Mind Over Matter

NEW YORK Can neuroscience and biometric research really help advertisers craft better ads? While marketers have debated that question for years, the costly and cumbersome nature of the research (e.g., MRI machines, electrodes attached to scalps) means they’ve relied instead on second-hand information such as surveys to help decide what does and doesn’t work.

Over the last year, however, several high-tech firms, including EmSense, NeuroFocus, and OTX Research and Innerscope, have introduced portable, less intrusive and more affordable measurement devices to track and measure both brain waves and biologic data. Not surprisingly, a growing number of marketers and agencies are taking note, experimenting with the new devices in hopes that the resulting metrics will provide insights on ads appearing on any and all platforms.

EmSense, a privately held San Francisco company that recently hired ad industry veteran Tim Arnold as evp, business development, counts Yahoo co-founder Tim Koogle and Patrick Meyer, CEO of brand marketing consultancy Now Inc., among its board members and investors.

“This is the kind of innovation we scout for,” said Meyer, a former senior manager at Coca-Cola and Gillette, who helped bring Virgin Mobile USA, Nintendo, Coke and Miller Brewing on board as clients.

Coke became a client of EmSense late last year to help it decide which two TV ads to place in the Super Bowl. (It was the first time the company used brainwave and biometric data to help select and edit its Super Bowl ads.) In the weeks leading up to the game, the client produced about a dozen new ads for possible placement. The Coke marketing team was counting on EmSense to help it make the right choices.

The EmSense device, shaped like a thin, plastic headband, reads brain waves and monitors the breathing, heart rate, blinking and skin temperatures of consumers who preview ads to measure their emotional and cognitive responses.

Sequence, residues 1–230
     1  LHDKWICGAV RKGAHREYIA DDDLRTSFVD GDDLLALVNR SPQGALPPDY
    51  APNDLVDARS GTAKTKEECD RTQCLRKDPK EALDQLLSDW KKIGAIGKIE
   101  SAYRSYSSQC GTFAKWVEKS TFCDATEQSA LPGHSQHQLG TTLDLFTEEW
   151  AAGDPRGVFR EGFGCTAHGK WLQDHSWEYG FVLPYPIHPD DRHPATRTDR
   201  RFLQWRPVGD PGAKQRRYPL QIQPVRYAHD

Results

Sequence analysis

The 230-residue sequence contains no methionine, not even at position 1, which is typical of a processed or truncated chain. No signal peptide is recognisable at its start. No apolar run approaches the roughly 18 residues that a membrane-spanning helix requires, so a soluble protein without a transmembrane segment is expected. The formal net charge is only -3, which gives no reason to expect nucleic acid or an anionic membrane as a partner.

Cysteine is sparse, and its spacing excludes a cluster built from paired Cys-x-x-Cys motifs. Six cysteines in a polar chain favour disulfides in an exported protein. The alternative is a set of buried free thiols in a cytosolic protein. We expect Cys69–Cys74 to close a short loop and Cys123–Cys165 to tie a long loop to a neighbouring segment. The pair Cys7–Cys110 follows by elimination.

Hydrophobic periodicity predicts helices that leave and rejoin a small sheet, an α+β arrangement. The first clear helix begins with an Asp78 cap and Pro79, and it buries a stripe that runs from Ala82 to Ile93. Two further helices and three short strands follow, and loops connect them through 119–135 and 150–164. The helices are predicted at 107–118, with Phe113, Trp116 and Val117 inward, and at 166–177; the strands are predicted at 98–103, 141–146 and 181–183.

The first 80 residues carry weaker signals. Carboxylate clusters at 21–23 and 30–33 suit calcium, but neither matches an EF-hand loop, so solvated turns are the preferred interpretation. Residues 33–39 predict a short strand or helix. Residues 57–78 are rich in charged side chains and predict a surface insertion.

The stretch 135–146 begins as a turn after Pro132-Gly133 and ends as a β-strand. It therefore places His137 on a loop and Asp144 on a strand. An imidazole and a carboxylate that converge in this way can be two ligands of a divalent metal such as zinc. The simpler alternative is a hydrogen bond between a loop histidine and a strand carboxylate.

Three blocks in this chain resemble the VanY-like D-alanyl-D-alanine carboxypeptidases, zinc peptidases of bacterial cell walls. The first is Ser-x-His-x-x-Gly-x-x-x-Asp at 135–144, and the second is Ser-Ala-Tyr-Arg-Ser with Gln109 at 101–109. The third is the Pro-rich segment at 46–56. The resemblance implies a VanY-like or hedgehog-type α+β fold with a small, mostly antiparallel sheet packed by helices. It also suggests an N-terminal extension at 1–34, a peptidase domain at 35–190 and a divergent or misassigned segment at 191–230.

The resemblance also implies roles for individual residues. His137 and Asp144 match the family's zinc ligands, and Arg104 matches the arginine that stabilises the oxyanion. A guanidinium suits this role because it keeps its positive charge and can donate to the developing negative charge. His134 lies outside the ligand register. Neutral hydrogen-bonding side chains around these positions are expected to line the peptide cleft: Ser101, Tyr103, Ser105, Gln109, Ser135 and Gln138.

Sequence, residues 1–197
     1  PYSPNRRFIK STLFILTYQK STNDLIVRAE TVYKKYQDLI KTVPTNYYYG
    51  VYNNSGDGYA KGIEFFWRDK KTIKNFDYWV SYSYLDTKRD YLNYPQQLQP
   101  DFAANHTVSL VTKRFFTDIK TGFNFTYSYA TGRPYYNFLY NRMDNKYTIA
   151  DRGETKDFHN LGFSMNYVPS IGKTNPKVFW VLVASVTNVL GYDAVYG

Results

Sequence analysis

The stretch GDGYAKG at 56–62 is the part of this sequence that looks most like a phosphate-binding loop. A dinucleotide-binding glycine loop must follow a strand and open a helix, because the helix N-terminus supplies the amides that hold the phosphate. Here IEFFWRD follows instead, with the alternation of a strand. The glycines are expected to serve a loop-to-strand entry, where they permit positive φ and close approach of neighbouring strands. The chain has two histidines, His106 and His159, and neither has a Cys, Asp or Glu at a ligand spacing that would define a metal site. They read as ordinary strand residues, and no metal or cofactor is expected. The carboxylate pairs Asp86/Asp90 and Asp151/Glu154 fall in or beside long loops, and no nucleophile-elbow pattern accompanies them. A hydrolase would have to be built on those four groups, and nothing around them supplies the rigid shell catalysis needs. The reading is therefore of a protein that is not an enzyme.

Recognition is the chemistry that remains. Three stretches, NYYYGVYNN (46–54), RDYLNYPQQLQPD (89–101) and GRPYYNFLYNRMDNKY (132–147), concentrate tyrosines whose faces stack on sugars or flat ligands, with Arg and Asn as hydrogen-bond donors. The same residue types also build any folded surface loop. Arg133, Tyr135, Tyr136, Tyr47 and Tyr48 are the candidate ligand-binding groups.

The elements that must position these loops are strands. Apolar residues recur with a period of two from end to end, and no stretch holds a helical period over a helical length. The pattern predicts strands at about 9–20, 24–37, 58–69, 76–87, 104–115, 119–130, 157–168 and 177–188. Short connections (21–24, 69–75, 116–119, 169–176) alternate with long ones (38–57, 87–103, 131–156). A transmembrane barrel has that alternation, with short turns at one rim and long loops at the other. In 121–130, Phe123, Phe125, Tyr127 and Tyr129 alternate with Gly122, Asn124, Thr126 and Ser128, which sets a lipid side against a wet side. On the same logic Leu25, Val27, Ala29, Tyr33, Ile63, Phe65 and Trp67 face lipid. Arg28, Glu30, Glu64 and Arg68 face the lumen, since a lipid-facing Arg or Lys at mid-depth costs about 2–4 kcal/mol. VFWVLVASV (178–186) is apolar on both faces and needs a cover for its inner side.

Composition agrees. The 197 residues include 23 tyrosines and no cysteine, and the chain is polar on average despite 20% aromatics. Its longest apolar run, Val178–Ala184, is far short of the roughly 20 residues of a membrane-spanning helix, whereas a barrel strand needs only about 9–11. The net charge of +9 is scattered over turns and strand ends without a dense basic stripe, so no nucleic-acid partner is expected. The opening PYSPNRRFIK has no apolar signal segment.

According to Katie Bayne, CMO of Coca-Cola North America, the device not only helped whittle down the list of spots, but also aided in editing the two ads chosen to air — “It’s Mine,” in which parade balloons vie for a bottle of Coke, and the “Jinx” ad with James Carville and former Senator Bill Frist. For example, she says, the music in “It’s Mine” was adjusted in the days leading up to the game to build to more of a crescendo than in the original version of the spot.

“It provides you with more natural and unedited responses than you get when you force people through the cognitive loop of having to annunciate how they feel,” Bayne said. “It’s a great new tool.”

According to Bayne and others, such techniques help marketers more accurately decipher consumers’ feelings because they measure physical and emotional responses as they occur, as opposed to having people remember or interpret their feelings after the fact when doing things like surveys and focus groups.

The EmSense gizmo, developed by a group of MIT grads, combines EEG technology used to measure brain-wave activity and biometric measurements with proprietary algorithms. It produces data that spell out how a consumer is reacting both emotionally and cognitively to marketing messages, and can be used to measure such responses across a variety of ad platforms.

The algorithms calculate average results over hundreds of consumer test subjects. Second-by-second results are offered for dozens of different metrics. But three measures stand out, said Elissa Moses, chief analytics officer at EmSense and a former strategic planner at Grey Worldwide, Royal Philips Electronics and Gillette, where she worked with Meyer: how quickly consumers pay attention to an ad (speed of engagement); how their emotions track positively and negatively throughout the course of the ad; and how they respond to specific branding.

“If viewers don’t engage, they aren’t going to remember anything,” said Moses. “And if they don’t engage fairly quickly, it’s like walking into the middle of a movie.”

The emotional tracking that EmSense captures is frequently a roller coaster of positive and negative feelings “as suspense mounts and drama unfolds in a good story or a funny joke,” she added. “The objective is to leave the audience at a higher positive emotional point at the end of the commercial than when they started and to evoke a positive emotional reaction to the product.” That makes intuitive sense, she said, but “until now marketers and agencies have not had a tool like this to prove it out.”